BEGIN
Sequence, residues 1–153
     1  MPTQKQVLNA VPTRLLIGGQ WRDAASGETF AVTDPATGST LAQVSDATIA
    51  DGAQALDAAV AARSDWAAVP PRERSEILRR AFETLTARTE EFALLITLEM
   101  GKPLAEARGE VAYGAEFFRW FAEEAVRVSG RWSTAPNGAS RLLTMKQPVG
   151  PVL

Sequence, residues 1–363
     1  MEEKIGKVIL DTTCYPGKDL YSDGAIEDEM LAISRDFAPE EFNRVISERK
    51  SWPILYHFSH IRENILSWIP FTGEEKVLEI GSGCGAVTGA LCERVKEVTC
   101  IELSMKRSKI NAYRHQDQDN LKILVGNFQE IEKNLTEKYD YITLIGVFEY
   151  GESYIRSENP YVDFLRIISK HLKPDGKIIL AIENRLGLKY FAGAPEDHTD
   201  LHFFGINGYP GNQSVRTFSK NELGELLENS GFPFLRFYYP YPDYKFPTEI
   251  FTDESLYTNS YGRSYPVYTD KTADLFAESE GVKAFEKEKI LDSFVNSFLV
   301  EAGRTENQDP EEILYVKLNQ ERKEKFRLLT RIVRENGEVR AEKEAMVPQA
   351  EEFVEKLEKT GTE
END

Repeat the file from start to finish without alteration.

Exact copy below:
Sequence, residues 1–153
     1  MPTQKQVLNA VPTRLLIGGQ WRDAASGETF AVTDPATGST LAQVSDATIA
    51  DGAQALDAAV AARSDWAAVP PRERSEILRR AFETLTARTE EFALLITLEM
   101  GKPLAEARGE VAYGAEFFRW FAEEAVRVSG RWSTAPNGAS RLLTMKQPVG
   151  PVL

Sequence, residues 1–363
     1  MEEKIGKVIL DTTCYPGKDL YSDGAIEDEM LAISRDFAPE EFNRVISERK
    51  SWPILYHFSH IRENILSWIP FTGEEKVLEI GSGCGAVTGA LCERVKEVTC
   101  IELSMKRSKI NAYRHQDQDN LKILVGNFQE IEKNLTEKYD YITLIGVFEY
   151  GESYIRSENP YVDFLRIISK HLKPDGKIIL AIENRLGLKY FAGAPEDHTD
   201  LHFFGINGYP GNQSVRTFSK NELGELLENS GFPFLRFYYP YPDYKFPTEI
   251  FTDESLYTNS YGRSYPVYTD KTADLFAESE GVKAFEKEKI LDSFVNSFLV
   301  EAGRTENQDP EEILYVKLNQ ERKEKFRLLT RIVRENGEVR AEKEAMVPQA
   351  EEFVEKLEKT GTE